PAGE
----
Thailand Work Culture
Thailand Work Culture
The Kingdom of Thailand has many attractions for visitors – and international businesses. Foreign companies planning international expansion identify Thailand’s potential from being in prime position at the crossroads of Asia.
Thailand is a founder member of the Association of Southeast Asian Nations (ASEAN) formed in 1967. Apart from its immediate neighbours, Thailand is perfectly placed for trade with Singapore, Indonesia, China and India among a host of other Asian nations and further afield into the Pacific Rim.
The southeast Asian nation developed into a social and economic success story in the early 21st Century, growing from a low-income to an upper-middle income economy in little more than a generation, according to the World Bank, which ranked Thailand 21st out of 190 nations in its most recent ‘ease of doing business’ report.
For those looking to work there, Thailand has an extraordinarily rich heritage and history. Lavish royal palaces, ancient ruins and relics from a magical past, ornate temples and mouth-watering cuisine are just some of the attractions. Visitors and tourists also know Thailand for its tropical landscape, jungles, stunning wildlife and golden beaches. The futuristic and cosmopolitan capital Bangkok resonates with a vibrant lifestyle alongside its canals. Ready for the challenge? Now is the time to get down to business. So here are a few tips on taking the best steps and clearing those cultural barriers … and Thailand has some unique etiquette nuances which could catch out western visitors.
- Language: Thai is the official business language, but English is commonly used especially in Bangkok. If unsure, take an interpreter
- Punctuality: Being punctual is assumed … do not disappoint
- Attitudes: ‘Face’ is important, as in most Asian business environments. Avoid pointing out errors and making criticisms in the presence of others. Raised voices are not appreciated
- Negotiations: These can be a mix of ‘bartering’ and haggling alongside compromise and making concessions. Building relationships is key, so timescales should be ready to accommodate the process. When moving towards closure, ensure you are dealing with senior members of the opposite team
- Greetings: ‘Wai’ (pronounced ‘why’) is the traditional greeting and usually initiated by the most junior member of the meeting, with senior members and visitors responding. Palms are pressed together, and the greeting is delivered with a slight bow, raising hands so the fingertips gently touch your nose. Handshakes are also acceptable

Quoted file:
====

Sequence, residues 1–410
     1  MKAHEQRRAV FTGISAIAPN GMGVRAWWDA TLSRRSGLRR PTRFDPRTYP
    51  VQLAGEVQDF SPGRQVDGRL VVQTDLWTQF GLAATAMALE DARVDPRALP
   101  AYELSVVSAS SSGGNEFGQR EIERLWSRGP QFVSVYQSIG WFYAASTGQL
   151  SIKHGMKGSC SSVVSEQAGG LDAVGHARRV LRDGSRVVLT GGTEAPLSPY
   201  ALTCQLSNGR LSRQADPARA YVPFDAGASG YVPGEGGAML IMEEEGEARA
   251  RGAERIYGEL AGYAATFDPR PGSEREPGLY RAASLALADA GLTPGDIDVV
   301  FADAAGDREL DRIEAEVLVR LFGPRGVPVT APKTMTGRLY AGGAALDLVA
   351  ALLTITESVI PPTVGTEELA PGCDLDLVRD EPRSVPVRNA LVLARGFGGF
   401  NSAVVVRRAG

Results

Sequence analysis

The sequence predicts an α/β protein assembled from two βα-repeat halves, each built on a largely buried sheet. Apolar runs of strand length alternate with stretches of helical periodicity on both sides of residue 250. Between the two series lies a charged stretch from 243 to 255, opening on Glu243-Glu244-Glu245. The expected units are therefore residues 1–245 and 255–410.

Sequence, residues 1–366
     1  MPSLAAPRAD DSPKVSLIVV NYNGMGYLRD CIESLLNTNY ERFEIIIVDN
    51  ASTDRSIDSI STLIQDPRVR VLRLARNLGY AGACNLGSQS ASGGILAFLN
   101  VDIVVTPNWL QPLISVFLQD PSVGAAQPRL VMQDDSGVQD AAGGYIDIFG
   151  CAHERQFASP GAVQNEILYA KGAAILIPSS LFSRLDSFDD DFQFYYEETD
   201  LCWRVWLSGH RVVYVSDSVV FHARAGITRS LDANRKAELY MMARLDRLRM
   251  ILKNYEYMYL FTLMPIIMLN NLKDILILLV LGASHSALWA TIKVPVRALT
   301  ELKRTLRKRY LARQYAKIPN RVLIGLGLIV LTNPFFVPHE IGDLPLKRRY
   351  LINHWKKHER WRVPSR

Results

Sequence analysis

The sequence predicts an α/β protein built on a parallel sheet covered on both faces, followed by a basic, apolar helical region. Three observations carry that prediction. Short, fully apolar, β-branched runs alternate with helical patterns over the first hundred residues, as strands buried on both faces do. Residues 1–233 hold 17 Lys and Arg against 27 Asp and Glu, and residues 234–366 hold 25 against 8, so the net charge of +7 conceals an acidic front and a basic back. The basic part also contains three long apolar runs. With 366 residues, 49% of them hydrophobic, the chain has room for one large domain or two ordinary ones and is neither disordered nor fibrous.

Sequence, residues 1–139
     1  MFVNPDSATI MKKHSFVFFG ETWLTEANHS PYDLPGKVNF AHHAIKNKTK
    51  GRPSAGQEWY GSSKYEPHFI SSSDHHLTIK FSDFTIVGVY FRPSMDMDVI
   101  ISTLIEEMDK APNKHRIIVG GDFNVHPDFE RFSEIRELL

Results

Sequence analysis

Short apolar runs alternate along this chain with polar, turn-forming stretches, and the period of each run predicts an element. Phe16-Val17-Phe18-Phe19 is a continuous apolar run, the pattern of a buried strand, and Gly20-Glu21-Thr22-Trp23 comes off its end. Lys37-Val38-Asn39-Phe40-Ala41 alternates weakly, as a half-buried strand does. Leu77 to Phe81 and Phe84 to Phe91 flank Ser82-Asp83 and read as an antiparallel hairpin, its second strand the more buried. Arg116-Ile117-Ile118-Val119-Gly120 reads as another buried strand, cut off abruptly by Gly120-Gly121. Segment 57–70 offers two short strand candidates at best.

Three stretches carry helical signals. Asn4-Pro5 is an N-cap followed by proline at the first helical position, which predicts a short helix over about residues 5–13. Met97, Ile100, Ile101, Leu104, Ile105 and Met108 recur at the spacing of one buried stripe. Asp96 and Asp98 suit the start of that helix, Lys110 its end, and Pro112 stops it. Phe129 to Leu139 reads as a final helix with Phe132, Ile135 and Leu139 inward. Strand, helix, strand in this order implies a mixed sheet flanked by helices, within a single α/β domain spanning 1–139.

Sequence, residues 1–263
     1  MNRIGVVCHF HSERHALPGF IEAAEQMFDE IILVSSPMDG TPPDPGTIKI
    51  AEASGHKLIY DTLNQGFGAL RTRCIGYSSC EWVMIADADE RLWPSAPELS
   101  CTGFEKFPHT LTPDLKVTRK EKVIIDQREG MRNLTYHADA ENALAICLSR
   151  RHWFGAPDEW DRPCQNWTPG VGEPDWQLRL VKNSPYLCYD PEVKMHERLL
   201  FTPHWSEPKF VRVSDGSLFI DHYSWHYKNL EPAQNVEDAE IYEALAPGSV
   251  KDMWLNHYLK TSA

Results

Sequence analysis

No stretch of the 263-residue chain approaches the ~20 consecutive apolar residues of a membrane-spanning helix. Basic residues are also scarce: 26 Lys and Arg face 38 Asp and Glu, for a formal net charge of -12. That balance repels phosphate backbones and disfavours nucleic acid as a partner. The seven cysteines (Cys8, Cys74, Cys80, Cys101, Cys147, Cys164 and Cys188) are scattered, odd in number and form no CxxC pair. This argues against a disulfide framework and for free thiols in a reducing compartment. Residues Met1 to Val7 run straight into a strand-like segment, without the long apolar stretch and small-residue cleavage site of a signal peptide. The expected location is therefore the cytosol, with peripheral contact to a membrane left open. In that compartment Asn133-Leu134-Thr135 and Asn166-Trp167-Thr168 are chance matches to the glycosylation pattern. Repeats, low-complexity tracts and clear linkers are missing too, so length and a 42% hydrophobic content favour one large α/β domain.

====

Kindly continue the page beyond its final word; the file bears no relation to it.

- Business Cards: Exchanging cards is expected; take a few seconds to read and appreciate the design. If you have dual-language cards, present with the Thai side up, with both hands
- Dress Code: Conservative is best, as dress is a way of showing respect to your counterparts and the occasion itself
- Gift Giving: Reciprocal gift giving is common, but do not open the gift in front of the person who gave it
- Out of Hours: Thais enjoy hosting business dinners and lunches and generally will be happy to pick up the bill
Working Hours in Thailand
The Labor Protection Act’s ‘Hours of Work’ regulations and the Ministry of Labor stipulate working hour limits, which must be covered contractually or by a workplace agreement. Daily working hours are generally eight over a five-day period, not exceeding 48 each week. If employment has health and safety implications, hours worked cannot exceed seven a day or 42 weeklies. Amendments to the Act can allow other limits depending on the type of role.
Employees receive one hour’s break for working five consecutive hours unless there is an employer-employee agreement for less. Breaks are not paid as working time. Employees are entitled to an extra 20-minute break before starting overtime, plus 20 minutes if overtime is for two hours. Employees have a minimum one day’s rest day per week and the gap between days off must not exceed six days. This may not apply in such industries as tourism, but employees can accumulate rest days, which must be used within four weeks.
Overtime in Thailand
Under the Employment Protection Act, overtime on a normal workday is paid at not less than 150% of the normal hourly rate. Employees asked to work on a holiday must be paid twice the normal hourly rate, and three times the normal rate for working overtime on a holiday. The same rates apply to piece work as per quantity produced. Overtime and hours worked on holidays cannot exceed 36 in a week.